The reason it is so difficult for teams to repeat is because everybody else is hungry, all hungrier than the defending champions. It’s unavoidable. If Barça can successfully keep from becoming complacent, a Liga repeat is conceivable. If they can’t, third place would not be out of the question.
Yes, third place. Why? Because Atleti has fixed all the problems that caused them to lay a massive goose egg against Barça last season, adding talents such as Jackson Martinez and Luciano Vietto. Oliver Torres is back, as is Filipe Luis, to fix their wing attacking weaknesses without detracting from other parts of the team. It is a formidable group that wouldn’t surprise anyone if it won Liga this season.
Expect Sevilla and Valencia to be nosing around the other European spots this season, but nobody else has really improved enough to challenge them. Real Madrid made its biggest summer signing in Rafa Benitez, a cold-hearted pragmatist who will do the things that his predecessor didn’t, such as rotation, rotation, rotation.
RM tailed off because key players started breaking. The losses of James Rodriguez and Luca Modric really damaged the team, along with the struggles of Gareth Bale and Ronaldo to find mutually compatible working space. Benitez will take care of all that, making the necessary moves to both vault his team up the standings and also shorten his tenure at the club, because nobody will like him when all is said and done.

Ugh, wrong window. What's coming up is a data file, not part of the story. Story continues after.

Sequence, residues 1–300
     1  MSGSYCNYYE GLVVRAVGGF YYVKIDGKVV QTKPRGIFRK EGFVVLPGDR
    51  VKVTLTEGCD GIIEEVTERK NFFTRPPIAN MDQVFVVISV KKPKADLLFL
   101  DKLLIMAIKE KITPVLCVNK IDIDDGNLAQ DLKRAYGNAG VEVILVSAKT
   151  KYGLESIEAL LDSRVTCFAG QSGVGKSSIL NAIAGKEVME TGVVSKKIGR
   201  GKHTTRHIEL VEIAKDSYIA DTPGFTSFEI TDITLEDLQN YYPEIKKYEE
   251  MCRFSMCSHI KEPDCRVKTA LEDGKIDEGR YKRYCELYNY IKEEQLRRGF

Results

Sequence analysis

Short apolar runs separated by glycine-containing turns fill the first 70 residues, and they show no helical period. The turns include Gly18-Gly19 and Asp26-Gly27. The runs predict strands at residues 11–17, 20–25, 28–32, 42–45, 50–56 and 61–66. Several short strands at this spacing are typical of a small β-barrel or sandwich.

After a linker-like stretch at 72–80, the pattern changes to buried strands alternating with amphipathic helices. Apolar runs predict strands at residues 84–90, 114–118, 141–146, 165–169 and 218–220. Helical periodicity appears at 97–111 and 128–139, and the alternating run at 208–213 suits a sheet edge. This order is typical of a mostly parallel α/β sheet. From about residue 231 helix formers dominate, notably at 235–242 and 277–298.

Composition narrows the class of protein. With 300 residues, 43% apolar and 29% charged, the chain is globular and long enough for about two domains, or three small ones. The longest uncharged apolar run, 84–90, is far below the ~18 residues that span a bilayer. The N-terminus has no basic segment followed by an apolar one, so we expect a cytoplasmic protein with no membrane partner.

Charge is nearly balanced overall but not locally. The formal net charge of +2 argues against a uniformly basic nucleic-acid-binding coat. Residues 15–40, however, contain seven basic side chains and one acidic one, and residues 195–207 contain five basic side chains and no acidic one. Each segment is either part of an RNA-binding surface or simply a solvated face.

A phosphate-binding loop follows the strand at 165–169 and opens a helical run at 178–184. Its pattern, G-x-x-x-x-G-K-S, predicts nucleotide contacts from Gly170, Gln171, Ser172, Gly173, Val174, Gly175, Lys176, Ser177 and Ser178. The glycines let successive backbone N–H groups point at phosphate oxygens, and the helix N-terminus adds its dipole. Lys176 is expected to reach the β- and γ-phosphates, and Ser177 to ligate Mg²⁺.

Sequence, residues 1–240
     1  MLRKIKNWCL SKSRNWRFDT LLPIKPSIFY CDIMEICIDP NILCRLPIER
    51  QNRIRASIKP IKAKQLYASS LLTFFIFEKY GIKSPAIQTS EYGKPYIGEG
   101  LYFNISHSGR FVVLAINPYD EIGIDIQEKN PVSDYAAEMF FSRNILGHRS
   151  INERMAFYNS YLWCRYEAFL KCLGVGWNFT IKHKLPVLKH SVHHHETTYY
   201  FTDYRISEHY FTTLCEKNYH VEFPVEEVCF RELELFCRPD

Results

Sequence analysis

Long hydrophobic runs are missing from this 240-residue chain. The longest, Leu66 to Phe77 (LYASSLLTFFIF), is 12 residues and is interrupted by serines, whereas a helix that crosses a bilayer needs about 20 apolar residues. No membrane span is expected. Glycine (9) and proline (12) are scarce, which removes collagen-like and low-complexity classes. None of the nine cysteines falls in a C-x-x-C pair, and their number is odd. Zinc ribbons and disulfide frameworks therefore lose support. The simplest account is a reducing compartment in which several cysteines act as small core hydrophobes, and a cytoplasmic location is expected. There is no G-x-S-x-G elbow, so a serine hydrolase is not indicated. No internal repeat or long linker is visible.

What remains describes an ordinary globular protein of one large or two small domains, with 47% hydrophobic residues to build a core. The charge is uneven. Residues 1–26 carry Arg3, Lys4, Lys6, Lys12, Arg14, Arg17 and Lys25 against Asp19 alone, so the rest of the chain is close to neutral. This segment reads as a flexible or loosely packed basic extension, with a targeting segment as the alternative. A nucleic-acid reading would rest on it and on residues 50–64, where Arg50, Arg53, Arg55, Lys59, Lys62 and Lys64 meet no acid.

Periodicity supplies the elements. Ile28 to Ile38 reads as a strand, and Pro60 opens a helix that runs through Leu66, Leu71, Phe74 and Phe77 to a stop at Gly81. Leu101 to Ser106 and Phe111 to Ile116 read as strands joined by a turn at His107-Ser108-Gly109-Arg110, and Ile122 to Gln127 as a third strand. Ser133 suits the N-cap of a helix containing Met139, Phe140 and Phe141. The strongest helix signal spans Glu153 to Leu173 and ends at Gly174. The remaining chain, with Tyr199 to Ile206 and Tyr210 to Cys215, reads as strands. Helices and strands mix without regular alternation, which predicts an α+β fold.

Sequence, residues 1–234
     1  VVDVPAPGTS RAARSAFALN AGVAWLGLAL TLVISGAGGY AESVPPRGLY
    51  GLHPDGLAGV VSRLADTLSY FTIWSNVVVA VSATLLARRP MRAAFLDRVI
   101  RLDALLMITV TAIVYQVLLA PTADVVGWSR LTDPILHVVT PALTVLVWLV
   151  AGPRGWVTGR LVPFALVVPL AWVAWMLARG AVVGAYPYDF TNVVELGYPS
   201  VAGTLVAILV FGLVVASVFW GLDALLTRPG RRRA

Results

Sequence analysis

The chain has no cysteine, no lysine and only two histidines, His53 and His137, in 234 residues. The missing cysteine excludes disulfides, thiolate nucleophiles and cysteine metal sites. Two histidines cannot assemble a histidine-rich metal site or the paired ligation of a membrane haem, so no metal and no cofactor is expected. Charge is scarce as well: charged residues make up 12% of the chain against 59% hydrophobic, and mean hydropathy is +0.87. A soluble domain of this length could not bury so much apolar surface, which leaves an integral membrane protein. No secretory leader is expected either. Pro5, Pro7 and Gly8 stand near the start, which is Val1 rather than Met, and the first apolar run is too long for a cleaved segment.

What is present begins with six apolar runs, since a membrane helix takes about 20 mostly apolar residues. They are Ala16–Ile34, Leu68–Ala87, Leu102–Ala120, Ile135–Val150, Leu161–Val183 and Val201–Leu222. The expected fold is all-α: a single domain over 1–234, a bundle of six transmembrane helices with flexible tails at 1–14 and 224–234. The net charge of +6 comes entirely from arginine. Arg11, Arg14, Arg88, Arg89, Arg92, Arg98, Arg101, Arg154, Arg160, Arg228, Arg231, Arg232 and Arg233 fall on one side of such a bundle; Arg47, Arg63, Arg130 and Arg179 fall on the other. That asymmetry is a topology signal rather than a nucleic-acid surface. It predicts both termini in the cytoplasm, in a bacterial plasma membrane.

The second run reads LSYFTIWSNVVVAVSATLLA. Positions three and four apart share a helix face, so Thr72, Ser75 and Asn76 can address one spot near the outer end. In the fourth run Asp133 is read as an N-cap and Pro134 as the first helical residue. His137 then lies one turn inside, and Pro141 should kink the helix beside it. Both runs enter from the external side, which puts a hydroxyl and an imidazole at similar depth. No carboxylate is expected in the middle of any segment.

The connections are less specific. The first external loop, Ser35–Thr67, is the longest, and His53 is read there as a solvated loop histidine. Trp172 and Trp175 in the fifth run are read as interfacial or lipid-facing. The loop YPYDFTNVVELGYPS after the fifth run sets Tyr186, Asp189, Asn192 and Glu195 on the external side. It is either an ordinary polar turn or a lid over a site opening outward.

Mileage is the other question, extra matches and travel that wear on a team’s legs. The biggest problem with Barça isn’t that it doesn’t have depth, but rather that the quality of its XI is so high. There has been lots of speculation about the team’s depth over this pre-season, but something that only a few have correctly sussed is that when you have the likes of Iniesta, Neymar, Messi and Suarez, not to mention Pique and Busquets, there isn’t a like-quality replacement period, much less one who would be happy sitting on the bench.